Twitter Is Testing Full-Screen Images, And It Could Kill Your Memes

Twitter Is Testing Full-Screen Images, And It Could Kill Your Memes
Image: Twitter

The Twitter crop has been the butt of jokes for years, but the fun may be over as the social media platform begins testing new “widescreen” images that spread from edge-to-edge on the screen. The end result is a more “Instagram-like” look where photos take priority over text — and while it may solve those nasty cropping issues, it does appear the new feature is causing other problems for early users.

When The Verge reached out to Twitter to confirm the reasons why it was testing larger images, the company said it wanted to focus on supporting both visual and text-based communication.

Instead, the change is reportedly causing major complaints from users who say the new layout is “headache-inducing” and that the edge-to-edge images are creating far more confusion about the content of tweets.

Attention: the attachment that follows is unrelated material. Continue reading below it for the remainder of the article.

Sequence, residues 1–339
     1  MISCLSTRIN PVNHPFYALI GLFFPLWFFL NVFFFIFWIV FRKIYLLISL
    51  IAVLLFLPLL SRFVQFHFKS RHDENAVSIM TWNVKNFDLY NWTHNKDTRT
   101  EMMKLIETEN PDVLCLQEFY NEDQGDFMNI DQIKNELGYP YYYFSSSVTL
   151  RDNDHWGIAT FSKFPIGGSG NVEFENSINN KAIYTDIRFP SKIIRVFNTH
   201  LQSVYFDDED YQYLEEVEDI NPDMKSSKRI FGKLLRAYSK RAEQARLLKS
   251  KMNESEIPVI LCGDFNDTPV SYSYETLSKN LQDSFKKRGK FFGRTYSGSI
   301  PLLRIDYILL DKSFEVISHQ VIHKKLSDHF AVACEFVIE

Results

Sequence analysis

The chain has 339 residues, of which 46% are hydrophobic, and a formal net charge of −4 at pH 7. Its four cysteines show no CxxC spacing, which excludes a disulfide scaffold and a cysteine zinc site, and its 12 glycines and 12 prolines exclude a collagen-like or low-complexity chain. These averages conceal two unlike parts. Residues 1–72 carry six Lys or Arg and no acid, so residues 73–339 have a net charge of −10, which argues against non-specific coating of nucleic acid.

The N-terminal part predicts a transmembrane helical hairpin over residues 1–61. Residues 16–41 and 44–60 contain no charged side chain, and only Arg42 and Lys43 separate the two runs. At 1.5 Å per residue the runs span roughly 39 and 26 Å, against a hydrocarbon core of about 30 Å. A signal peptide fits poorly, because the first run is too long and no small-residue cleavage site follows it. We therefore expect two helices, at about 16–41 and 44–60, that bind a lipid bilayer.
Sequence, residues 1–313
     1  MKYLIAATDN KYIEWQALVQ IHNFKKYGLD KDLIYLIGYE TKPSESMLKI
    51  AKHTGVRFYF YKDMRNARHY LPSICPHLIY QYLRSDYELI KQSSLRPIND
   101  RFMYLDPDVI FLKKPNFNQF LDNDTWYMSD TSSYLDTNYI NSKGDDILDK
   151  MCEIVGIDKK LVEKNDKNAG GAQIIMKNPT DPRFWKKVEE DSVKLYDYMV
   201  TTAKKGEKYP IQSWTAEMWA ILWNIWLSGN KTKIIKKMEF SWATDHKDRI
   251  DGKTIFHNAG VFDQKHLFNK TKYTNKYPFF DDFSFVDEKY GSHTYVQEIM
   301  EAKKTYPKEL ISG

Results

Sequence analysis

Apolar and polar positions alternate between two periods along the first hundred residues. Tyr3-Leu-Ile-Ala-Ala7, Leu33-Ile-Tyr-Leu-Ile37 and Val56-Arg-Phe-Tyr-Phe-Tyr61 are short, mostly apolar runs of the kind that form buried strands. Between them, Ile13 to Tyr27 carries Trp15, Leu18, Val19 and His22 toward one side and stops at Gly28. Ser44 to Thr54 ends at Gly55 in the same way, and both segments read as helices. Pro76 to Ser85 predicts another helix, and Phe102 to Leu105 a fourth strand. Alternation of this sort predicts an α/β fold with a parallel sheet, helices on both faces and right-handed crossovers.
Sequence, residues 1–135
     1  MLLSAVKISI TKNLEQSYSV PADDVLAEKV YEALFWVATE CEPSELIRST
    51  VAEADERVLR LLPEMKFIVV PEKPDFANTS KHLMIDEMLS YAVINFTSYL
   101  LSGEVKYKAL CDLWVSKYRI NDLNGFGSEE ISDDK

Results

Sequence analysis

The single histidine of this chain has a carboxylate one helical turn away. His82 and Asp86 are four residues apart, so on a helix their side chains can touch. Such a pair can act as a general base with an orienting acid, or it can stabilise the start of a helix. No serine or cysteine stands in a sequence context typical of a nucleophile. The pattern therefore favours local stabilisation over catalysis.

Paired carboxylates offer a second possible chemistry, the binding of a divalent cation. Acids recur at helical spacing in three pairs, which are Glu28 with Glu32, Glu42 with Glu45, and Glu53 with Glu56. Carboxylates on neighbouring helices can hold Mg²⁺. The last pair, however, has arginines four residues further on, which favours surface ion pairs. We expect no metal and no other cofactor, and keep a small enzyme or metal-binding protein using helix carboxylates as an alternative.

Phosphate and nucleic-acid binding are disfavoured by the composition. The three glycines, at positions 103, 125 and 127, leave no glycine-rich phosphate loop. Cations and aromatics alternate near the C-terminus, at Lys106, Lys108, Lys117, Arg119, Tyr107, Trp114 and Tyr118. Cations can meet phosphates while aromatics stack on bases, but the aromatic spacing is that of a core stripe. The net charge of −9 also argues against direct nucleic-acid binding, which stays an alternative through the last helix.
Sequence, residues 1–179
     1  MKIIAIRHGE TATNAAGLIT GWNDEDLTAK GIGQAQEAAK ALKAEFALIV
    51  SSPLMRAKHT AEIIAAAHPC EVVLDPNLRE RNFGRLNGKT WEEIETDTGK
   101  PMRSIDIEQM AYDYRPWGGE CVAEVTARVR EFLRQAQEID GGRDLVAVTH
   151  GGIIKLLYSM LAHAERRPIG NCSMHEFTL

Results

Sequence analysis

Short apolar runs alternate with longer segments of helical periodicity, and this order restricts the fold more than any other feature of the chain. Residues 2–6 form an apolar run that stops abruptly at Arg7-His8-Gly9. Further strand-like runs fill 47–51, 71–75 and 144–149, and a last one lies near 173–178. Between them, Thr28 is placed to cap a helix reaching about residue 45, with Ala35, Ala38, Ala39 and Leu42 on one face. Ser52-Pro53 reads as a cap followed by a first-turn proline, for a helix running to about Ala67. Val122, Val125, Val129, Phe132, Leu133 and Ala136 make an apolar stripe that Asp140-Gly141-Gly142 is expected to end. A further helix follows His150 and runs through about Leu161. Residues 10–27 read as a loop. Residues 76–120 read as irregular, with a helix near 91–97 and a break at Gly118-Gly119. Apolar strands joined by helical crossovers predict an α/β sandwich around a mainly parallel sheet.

You can check out the changes for yourself here, if you haven’t already spotted them on your iOS device:

The images here are certainly bigger — but arguably, it does make the Twitter UI look a bit messier when compared to the traditional, bordered look.

As a side effect, it also appears these changes will play havoc on everybody’s favourite crop jokes on Twitter. There’s plenty of content on the service that relies on visual gags that include the crop (including those ‘click for a surprise’ jokes) but like The Simpsons before it, new Twitter may fall victim to its aspect ratio changes.

Still, there’s potential that the change will address the other major complaint about Twitter’s crop: that its algorithm preferences white faces when presented with a choice. It’s unclear whether Twitter had this issue in mind when it chose to roll out the wider image test but regardless, it should bring some form of change.

The ‘larger image’ Twitter is currently in testing phase, with iOS devices being the first to see the visual overhaul. From initial user feedback it’s clear the change isn’t going down particularly well, but there’s plenty of time for Twitter to reassess the new format and tweak what works for the platform.